Friday, 29 October 2010

Cameron sharpens his axe for Boris's development agency

Staff at Boris Johnson's redevelopment agency were told today that only budgets "already legally committed" to would be paid next year as David Cameron gets set to axe the LDA.

News earlier this week that the agency's £489 million budget would be wiped out were confirmed by a spokesperson for the LDA today who said that the organisation would close entirely by 2012.

Their budget will be slashed to £56 million next year before disappearing altogether in 2012.

Hundreds of jobs will be lost in the process.

GLA Chief Executive Leo Boland told staff today that Boris was "continuing to negotiate with the Government over the LDA’s settlement" and "working through the potential impact" of the cuts.

However, the huge funding reductions means that many of the Mayor's development and environment programmes will soon cease to exist entirely.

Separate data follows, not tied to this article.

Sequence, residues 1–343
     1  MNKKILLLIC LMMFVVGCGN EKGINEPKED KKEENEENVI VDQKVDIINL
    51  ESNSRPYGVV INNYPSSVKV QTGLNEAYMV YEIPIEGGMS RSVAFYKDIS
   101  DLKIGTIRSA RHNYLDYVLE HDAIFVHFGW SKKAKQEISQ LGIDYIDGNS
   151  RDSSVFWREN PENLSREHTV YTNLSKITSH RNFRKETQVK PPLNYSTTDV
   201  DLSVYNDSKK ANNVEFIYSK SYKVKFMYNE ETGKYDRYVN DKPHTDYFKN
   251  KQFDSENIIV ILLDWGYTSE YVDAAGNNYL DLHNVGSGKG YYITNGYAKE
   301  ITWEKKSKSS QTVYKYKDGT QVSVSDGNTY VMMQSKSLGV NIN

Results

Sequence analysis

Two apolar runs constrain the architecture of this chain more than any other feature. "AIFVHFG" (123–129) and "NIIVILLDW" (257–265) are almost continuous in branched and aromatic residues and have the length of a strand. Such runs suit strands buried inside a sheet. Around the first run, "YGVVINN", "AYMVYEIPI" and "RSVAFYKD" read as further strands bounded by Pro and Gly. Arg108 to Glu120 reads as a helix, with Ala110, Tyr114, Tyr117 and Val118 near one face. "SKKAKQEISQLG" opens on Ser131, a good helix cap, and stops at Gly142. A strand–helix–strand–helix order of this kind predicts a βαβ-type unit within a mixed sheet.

Green Assembly Member Darren Johnson said today:

"The Government has cut the Mayor's plans to create 14,000 jobs, cut our energy bills and revitalise our parks. With no money to pay for his flagship programmes, his climate change strategies now lie in tatters. The Mayor's defence of the environment was more of a Maginot Line than a Stalingrad moment."

Continuing the theme Labour's mayoral candidate Ken Livingstone said that: 

“The Mayor’s so-called ‘Stalingrad-like’ defence of London is a sham. Events this week suggest an approach reminiscent of Dads Army than the Stalingrad style defence Boris Johnson promised."

The news follows a day in which Boris first made a passionate defence of housing benefits only to then make a humiliating reverse of his position just hours later.

His comments prompted open hostility from Cameron for the first time and the Prime Minister is now threatening to withdraw new powers promised to the Mayor.

All of which has caused some to ask just when Boris is going to find some backbone?

Wednesday, 27 October 2010

Thames Clippers cut back in the evenings

The Thames Clipper service is to be dramatically cut back on both weekday and weekend evenings, it was revealed today.